Maelienydd, sometimes spelt Maeliennydd, was a cantref and lordship in east central Wales covering the area from the River Teme to Radnor Forest and the area around Llandrindod Wells. The area, which is mainly upland, is now in Powys. During the Middle Ages it was part of the region known as Rhwng Gwy a Hafren, or "Between the Wye and the Severn".
Originally an independent kingdom, Maelienydd became an area of great strategic importance after the Norman conquest of England, due to its position. It appears to have come under Norman control before 1093, but during the 12th century became a battleground between the Welsh Princes of the area, notably Cadwallon ap Madog ap Idnerth ab Elystan Glodrydd, and the Mortimer family. In 1179 Prince Cadwallon was killed by the retainers of Roger Mortimer when he was returning from the court of king Henry II of England. Mortimer was imprisoned by the king for this and Maelienydd was inherited by Cadwallon's son, Maelgwn ap Cadwallon, not to be confused in any way with Maelgwn Gwynedd, who lived centuries before. On Roger Mortimer's release from prison he seized much of the lordship, though Maelgwn was later able to recover it with the help of Rhys ap Gruffydd of Deheubarth. In March 1188, Gerald of Wales records the visit to Maelgwn's castle of Crug Eryr, during Gerald's journey through Wales with the Archbishop of Canterbury, who was raising an army for the crusades; Maelgwn 'took the cross' just as his cousin Einion o'r Porth, Prince of Elfael had done at Radnor Castle just a few days earlier, along with Einion's father in law, Rhys ap Gruffudd ("The Lord Rhys"), Prince of Deheubarth. After Rhys' death the Mortimers again took possession.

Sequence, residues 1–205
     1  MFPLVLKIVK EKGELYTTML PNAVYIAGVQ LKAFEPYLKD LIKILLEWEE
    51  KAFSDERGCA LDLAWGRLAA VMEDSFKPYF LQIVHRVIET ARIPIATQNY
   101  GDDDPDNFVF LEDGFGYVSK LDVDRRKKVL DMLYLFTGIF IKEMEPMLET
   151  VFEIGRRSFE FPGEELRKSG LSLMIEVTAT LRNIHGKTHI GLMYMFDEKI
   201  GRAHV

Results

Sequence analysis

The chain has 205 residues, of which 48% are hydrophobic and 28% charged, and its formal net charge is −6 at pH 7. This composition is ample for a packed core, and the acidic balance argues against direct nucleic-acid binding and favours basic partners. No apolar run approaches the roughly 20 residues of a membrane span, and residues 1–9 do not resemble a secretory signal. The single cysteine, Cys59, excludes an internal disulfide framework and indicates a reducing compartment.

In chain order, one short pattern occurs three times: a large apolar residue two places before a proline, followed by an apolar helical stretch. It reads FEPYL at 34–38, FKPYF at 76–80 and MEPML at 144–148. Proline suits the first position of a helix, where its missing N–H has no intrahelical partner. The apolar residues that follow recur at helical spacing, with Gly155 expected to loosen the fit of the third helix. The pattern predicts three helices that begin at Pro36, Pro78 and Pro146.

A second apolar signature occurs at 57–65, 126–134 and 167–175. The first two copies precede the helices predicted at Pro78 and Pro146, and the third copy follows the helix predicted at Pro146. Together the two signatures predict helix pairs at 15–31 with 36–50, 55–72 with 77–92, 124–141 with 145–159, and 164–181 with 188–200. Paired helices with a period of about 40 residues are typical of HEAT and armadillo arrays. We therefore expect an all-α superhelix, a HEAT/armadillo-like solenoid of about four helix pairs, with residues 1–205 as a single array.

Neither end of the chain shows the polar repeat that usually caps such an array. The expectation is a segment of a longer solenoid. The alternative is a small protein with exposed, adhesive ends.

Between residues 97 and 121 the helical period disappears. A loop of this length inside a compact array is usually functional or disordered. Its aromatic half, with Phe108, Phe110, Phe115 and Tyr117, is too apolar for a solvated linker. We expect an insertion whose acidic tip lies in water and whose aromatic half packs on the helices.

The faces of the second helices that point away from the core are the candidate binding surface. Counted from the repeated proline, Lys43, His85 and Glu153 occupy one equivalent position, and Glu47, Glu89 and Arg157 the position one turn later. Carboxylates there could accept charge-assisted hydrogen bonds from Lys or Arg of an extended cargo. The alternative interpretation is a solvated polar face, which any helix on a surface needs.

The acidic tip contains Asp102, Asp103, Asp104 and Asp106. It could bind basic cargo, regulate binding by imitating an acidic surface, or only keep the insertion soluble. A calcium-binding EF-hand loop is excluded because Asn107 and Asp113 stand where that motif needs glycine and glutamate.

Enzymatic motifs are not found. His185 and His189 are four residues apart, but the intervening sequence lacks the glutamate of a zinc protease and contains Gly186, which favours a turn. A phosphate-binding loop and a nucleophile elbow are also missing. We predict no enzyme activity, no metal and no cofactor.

The struggle for the rule of Maelienydd continued during the 13th century, involving the kings of England and Llywelyn the Great and Llywelyn the Last of Gwynedd. A number of castles were built here, notably Cefnllys Castle and Cymaron Castle. One of the main versions of Welsh law, the Cyfnerth Redaction, is thought to originate from Maelienydd when it was in the sphere of influence of Rhys ap Gruffudd, Prince of Deheubarth in the second half of the 12th century.
Maelienydd was one of the cantrefs brought together to form Radnorshire. The name survives for the general area.
- R. R. Davies (1987) Conquest, coexistence and change: Wales 1063 - 1415 (Clarendon Press) ISBN 978-0-19-821732-9
- W. H. Howse (1949) Radnorshire (E.J. Thurston)
Elystan Glodrydd & Rhwng Gwy a Hafren: www.elystan.co.uk 
Medieval Welsh kingdoms
Brycheiniog · Ceredigion (Seisyllwg • Region–Gower • Region–Ystrad Tywi) · Dogfeiling · Dunoding · Dyfed · Ergyng (Region–Ewyas) · Glywysing (Gorfynydd • Gwynllwg • Penychen) · Gwent · Gwynedd · Meirionnydd · Pengwern · Powys (Mathrafal) · Rhos · Region–Rhwng Gwy a Hafren (Region–Buellt • Elfael • Gwrtheyrnion • Maelienydd) · Tegeingl Brycheiniog (Region–Buellt) · Deheubarth · Gwent · Gwynedd · Powys (Wenwynwyn • Fadog) · Morgannwg
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